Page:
Failed To Catch Them All: A Legacy Tournament Report *2nd*

Dan Musser made 2nd at the Legacy Open in Charlotte with a Zoo deck. He promises you an entertaining report with plenty of detail and sideboarding advice.

Hello, and welcome to my report on the StarCityGames.com Invitational!

It was sometime during August when you and I had last spoken. I was fresh off a 2nd place finish with Zoo against Gerry Thompson in the Pittsburgh Legacy Open and delivered to you a 7000-ish word tournament report on the weekend (which can be read here). Although we haven’t spoken since, I would like to begin by catching you up on the various events I have attended and accomplishments I have earned in the meantime. Ready?

I played in the $75k Invitational in Chicago, IL and went 2-3 before dropping.

I played in two GPs, Pittsburgh and San Diego, and failed to day 2 either.

I played at the SCG Open Series in Indianapolis and didn’t top 8 either day.

I played in six PTQs for PT Dark Ascension in Honolulu in 2012 and didn’t top 8 any of them.

Finally I played in the SCG Invitational in Charlotte, NC and didn’t make day 2.

This all leads us to the event that is going to take up the bulk of our time together… I played in the Legacy Open in Charlotte this past weekend and made the finals, failing to catch my final Pokémon, Tony Chu.

If the fright of all this mediocrity hasn’t shooed you away from this article quite yet, you are in for quite a treat. I promise small amounts of hilarity mixed with actual fact and hopefully some modicum of insight into my ability to sling magical spells. First however, I would like to begin with what the consequences of my apparent mediocrity, described above, has gained me.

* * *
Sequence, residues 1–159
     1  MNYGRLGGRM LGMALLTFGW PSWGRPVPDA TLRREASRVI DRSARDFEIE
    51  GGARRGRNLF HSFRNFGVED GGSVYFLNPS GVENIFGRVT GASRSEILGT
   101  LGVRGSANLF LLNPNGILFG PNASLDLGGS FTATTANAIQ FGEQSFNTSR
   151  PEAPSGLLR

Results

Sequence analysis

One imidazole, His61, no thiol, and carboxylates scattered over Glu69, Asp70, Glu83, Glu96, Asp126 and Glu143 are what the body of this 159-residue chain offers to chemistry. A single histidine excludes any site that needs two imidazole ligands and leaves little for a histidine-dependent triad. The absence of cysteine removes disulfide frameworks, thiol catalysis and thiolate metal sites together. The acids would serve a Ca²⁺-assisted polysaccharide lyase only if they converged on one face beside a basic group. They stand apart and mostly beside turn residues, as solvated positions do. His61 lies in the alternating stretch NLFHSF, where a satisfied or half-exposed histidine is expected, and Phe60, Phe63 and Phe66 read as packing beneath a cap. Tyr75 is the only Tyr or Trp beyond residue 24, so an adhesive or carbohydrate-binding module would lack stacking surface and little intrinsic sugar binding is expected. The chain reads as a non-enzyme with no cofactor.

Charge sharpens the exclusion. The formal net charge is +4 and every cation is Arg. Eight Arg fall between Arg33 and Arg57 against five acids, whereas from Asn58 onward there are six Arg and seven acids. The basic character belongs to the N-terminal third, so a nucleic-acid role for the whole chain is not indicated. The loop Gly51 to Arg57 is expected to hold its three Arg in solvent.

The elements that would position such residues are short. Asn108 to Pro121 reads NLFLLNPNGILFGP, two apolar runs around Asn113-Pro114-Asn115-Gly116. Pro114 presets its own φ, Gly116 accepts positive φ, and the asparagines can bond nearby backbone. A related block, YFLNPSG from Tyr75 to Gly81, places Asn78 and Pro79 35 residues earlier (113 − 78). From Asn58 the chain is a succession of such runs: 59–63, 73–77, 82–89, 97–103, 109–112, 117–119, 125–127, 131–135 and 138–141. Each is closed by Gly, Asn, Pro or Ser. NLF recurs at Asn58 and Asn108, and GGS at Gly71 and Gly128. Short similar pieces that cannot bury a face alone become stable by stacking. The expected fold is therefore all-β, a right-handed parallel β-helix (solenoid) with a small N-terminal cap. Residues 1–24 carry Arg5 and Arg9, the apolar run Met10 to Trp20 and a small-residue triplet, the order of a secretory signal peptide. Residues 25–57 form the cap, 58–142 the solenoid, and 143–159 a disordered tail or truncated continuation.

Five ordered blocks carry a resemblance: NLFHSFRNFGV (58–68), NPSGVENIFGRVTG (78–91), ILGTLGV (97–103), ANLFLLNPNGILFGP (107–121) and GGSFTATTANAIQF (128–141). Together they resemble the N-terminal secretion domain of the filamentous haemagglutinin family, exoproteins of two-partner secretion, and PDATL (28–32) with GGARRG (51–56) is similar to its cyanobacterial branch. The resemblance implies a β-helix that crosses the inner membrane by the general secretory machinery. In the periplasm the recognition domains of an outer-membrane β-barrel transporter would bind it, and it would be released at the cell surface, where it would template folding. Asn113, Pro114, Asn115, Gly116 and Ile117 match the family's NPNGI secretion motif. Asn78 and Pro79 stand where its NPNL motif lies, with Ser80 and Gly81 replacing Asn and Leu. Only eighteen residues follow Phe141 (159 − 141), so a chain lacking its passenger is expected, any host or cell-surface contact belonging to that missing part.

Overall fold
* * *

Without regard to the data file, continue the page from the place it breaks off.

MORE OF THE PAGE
As of the writing of these words, my current standing in the world of Planeswalker Points is 98th. On the list that excludes Worlds, I am ranked 59th with 2069 PWP. Since the season concludes in less than two weeks, and I will be playing FNM and going to a PTQ this weekend, I see no reason for me to be anything except invited to PT Dark Ascension in Honolulu during February in 2012.

I have mixed feelings towards this ‘accomplishment.’ On one hand, I am extremely happy and grateful for the opportunity to play on the Pro Tour again. After my abysmal 4-4 in Paris at the beginning of the year, I have wanted another shot at the highest level of competitive play. On the other hand, I am not quite sure I have done what should be required of me in order to be able be on the Tour. I am not going to argue myself out of an invite or anything, but being able to get to the Tour without a single PTQ top 8 or GP day 2 seems a little loose to me.

Well, enough of my ‘unfortunate’ predicament regarding Planeswalker Points. It’s time we have a chat about my weekend at the StarCityGames.com Invitational weekend in Charlotte, NC.

I traveled to the great state of North Carolina from my hometown of Cuyahoga Falls, Ohio with four other magical friends: Max Jacob, Chris Kronenberger, Nicholas Montaquila, and Harry Corvase. I was qualified from being level 3 in the SCG Player’s Club. Max was qualified from Top 8ing a Legacy Open in Indianapolis this year. Chris was qualified from being level 4 in the SCG Player’s Club. Nick was qualified from being level 2 from last year, and he hadn’t used his invitation yet. Finally, Harry was qualified from being level 2 from points this year. We all headed out Friday morning around 10 am and made the eight-hour trek to Charlotte, NC.

Most of us were settled on what decks we were playing for the weekend. I was on Zoo for Legacy (obv.), and for Standard I was set on battling with a list very similar to what Iyanaga won Worlds with. The Standard deck choice was mostly decided because I hadn’t tested much Standard in the past few months since the current qualifying season has been limited. The only innovation I made to the Standard list was adding some Tumble Magnets to the maindeck and board because the expected metagame was said to be mostly aggro and ramp decks. Tumble Magnet was actually fantastic for me, tapping down Stormblood Berserkers and saving my Titans from various Traitorous Bloods.

For reference, here is the list I used in the Legacy portion of the Invitational. It also happens to be the exact same list as what I used for the Legacy Open on Sunday.